Don’t assume what the customer can buy or will buy, keep an open mind. I have been surprised many times by a customer who bought a high end system for an entry level home, and also surprised by a couple living in a 5,000 square home who asked me for a used unit.
When we ask open-ended questions, ones demand more than a yes or no answer, the trust level is improved. It’s similar to your doctor. If you say your arm hurts, and he says “Take these pills once a day”, that’s not the level of service you expected. If you say your arm hurts and he asks “When does it hurt, when did it start hurting, what movements make the pain worse, did you fall, does it hurt when you exercise, when it rains?”, you feel better when the physician asks questions to help him or her diagnose and prescribe the solution.
And while we’re on the subject of trusted advisors, quit selling units, sell solutions. Solutions are how you assemble the products available in the marketplace to meet the needs of your customer.
So how do you respond when someone asks you if you would install a unit they bought online? Make sure your entire company knows how to answer that question. It will come. First of all, let them know you know things the internet sales site does not, until a proper evaluation is done, you can’t be certain that product will even perform to their desired needs. However, let them know with certainty that you are there for them in the unlikely chance something goes wrong or the product will not meet their needs. After all, we have all purchased something on the internet, and found out to our dismay, it was not what we needed, or even wanted. The internet is a breeding ground for scams of all kinds. Some units you see for sale online may be from an insurance claim and have no warranty at all. In fact, they may be sold illegally. Additionally, the consumer is typically responsible for taxes and shipping, and the unit is legally theirs when it is loaded on the truck, so shipping damage becomes the homeowner’s responsibility.
You must have third party stories to share with customers like this one. One of my clients was asked to install a ductless mini-split in a garage the homeowner had bought online. The contractor gave him a price that reflected a typical install and backed out the equipment cost only. After some squawking, the homeowner finally agreed to the install price. When the equipment showed up, it was a model made only for the foreign market. The homeowner had to re-order the correct unit. The information was clear about the product from a contractor’s view on the website, but the homeowner didn’t understand what to look for. So they had to pay for shipping and restocking fees that cost him an additional $1400 by the time he was done. These are the kind of things we see all the time, the homeowner just does not know what to look for, or when they are being scammed.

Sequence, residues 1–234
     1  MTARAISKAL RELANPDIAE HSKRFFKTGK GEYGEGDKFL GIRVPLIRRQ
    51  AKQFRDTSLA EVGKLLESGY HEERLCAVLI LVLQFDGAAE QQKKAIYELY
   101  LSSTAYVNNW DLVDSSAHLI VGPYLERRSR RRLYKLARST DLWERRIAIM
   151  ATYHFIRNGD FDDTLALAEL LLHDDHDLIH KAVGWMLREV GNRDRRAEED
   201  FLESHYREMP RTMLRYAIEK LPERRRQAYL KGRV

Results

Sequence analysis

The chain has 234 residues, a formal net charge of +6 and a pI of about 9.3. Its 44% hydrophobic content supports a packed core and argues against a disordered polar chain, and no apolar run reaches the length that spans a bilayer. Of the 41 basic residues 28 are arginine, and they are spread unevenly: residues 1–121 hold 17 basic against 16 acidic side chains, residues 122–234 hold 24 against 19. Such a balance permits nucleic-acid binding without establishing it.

After the homeowner answers your questions, share your solutions with them. The Internet will not be able to do that. And the reality is that we remember the exceptions, not the average customer. Work with the customers in every way possible to support and help them. However, if a homeowner calls you and asks for a breakdown of your equipment and labor, just tell them no and go on to another one who will trust you. You are not selling them just a product or just the installation labor, your are selling them the whole package that includes the knowledge you may have over your competition that provides tremendous benefit to your customers.
Guest Article by Jon Reyes Make a Great First Impression First impressions mean everything when you’re working on plumbing issues in people’s homes and businesses. Have a courteous representative take incoming service calls or be courteous and polite yourself and keep customers informed if there are any delays in getting yourself or any technicians out Read More
Guest Article by Jon Reyes
Make a Great First Impression
First impressions mean everything when you’re working on plumbing issues in people’s homes and businesses. Have a courteous representative take incoming service calls or be courteous and polite yourself and keep customers informed if there are any delays in getting yourself or any technicians out to them – delays do happen, how the customer takes this initial delay in your new relationship is all in the delivery of the news.
People are generally not in a great mood when they call in with plumbing problems. You or your staff should have a positive attitude, and assure them that their repairs will be done professionally, and in a timely manner.
When you arrive, it’s always a good idea to be wearing a clean uniform and look neat in appearance. Always wipe your feet or use booties when entering a customer’s home or business, without having to be asked – Even if you don’t do this in your home, people do have different takes on what they expect.
Always try to be polite and friendly with your clients, and this includes using please and thank you when they address them. It’s important to gather information from the customer, in order that they can affect a proper repair.
If you end up working in an area away from the people who live or work in the building, you might try listening to a radio to fill the air. Be sure that their radio isn’t being played too loudly and form an unapproachable barrier for the customer to come to you, you might miss something the client wants to ask if you are tuned in to the radio instead of the customer.
Go Above & Beyond on your Service Calls
You can recruit many customers, but if you don’t care for them in a proper way, all your advertising money may as well be flushed down the toilet. You need to be sure that you not only meet but exceed your customers’ expectations when they call you for an installation or repair.
Going above and beyond isn’t necessarily time-consuming or costly for your company. You can perform plumbing check-ups when you’re in a customer’s home or business for a service call. If there are any minor issues, you can offer to take care of them either at no cost or at a minimal cost for them. This could range from a quick and efficient drain cleaning to replacing an old aerator on a faucet.